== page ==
Objective: We investigated the clinical and demographic characteristics that could influence regression of cervical intraepithelial neoplasia (CIN) from colposcopy to excision, and evaluated the association of the performance of multiple biopsies and endocervical curettage (ECC) with regression of high-grade (CIN2+) by the time of excisional therapy.
Materials and Methods: This was an institutional review board–approved retrospective analysis of 555 patients who had abnormal screening and who underwent colposcopy followed by cervical excision procedures for CIN2+ or high-risk status. We assessed demographic variables, referral reason, colposcopic findings, and the latency between colposcopic biopsy and excision to which we correlated the likelihood of regression of disease on the excisional specimen.
Results: Mean age was 39 years, and median interval from colposcopy to excision was 48 days. Neither demographics nor colposcopic findings influenced the probability of regression. Patients with shorter intervals between colposcopy biopsy and excision exhibited a higher rate of regression (p = .04). The addition of ECC to colposcopy was associated with regression (p = .002).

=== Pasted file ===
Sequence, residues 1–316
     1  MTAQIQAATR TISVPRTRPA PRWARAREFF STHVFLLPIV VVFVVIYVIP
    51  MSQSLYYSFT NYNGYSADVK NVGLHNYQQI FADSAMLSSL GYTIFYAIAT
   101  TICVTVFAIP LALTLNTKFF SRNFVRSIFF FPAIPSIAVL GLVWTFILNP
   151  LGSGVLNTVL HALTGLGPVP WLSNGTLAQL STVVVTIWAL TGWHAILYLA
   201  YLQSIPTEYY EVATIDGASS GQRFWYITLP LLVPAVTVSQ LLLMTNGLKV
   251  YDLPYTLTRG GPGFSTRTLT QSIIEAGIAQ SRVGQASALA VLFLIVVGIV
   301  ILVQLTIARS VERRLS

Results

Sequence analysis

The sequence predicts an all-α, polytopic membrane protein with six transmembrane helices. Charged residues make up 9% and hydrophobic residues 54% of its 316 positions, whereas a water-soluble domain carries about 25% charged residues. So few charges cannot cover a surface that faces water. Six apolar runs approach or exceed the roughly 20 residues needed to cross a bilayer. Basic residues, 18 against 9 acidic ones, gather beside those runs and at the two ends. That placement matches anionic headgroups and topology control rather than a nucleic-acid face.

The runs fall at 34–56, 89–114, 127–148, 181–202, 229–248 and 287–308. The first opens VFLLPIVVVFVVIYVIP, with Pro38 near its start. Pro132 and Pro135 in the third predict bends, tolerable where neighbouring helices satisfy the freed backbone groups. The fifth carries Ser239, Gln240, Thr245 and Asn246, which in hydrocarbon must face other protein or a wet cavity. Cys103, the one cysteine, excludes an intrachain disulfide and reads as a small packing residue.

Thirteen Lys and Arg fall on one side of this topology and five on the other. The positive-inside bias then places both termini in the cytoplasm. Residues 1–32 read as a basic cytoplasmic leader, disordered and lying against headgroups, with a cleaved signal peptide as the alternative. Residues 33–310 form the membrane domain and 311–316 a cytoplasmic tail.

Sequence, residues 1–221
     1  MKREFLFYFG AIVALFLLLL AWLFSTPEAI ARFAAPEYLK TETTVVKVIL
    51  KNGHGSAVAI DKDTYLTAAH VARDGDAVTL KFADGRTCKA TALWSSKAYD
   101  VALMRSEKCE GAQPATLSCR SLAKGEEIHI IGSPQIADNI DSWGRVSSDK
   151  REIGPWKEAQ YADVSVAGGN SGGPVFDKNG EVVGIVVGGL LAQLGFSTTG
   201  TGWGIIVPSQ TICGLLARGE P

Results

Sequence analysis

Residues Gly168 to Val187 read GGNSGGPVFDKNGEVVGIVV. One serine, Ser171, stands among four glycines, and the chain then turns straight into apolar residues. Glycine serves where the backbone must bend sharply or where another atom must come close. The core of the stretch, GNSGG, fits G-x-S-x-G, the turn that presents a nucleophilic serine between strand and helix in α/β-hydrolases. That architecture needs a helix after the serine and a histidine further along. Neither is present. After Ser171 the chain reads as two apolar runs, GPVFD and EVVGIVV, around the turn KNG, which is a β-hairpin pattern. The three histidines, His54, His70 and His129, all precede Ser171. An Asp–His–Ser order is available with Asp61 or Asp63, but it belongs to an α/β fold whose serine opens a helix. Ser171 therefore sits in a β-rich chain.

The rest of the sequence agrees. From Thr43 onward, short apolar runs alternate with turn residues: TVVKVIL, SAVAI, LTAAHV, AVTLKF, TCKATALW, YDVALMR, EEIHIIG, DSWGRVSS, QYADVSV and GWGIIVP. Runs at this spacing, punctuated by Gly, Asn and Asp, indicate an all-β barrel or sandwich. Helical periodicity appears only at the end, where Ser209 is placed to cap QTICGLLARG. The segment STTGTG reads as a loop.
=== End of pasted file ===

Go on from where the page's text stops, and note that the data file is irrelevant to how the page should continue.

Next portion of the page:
Conclusions: During routine colposcopic practice using punch biopsy and ECC when indicated, regression was less likely with longer latency from colposcopy to excision. This was possibly owing to emergence and documentation of persistent occult neoplasia. The effect of intentional complete biopsy excision with conventional tools as a potential therapeutic intervention was not evaluated.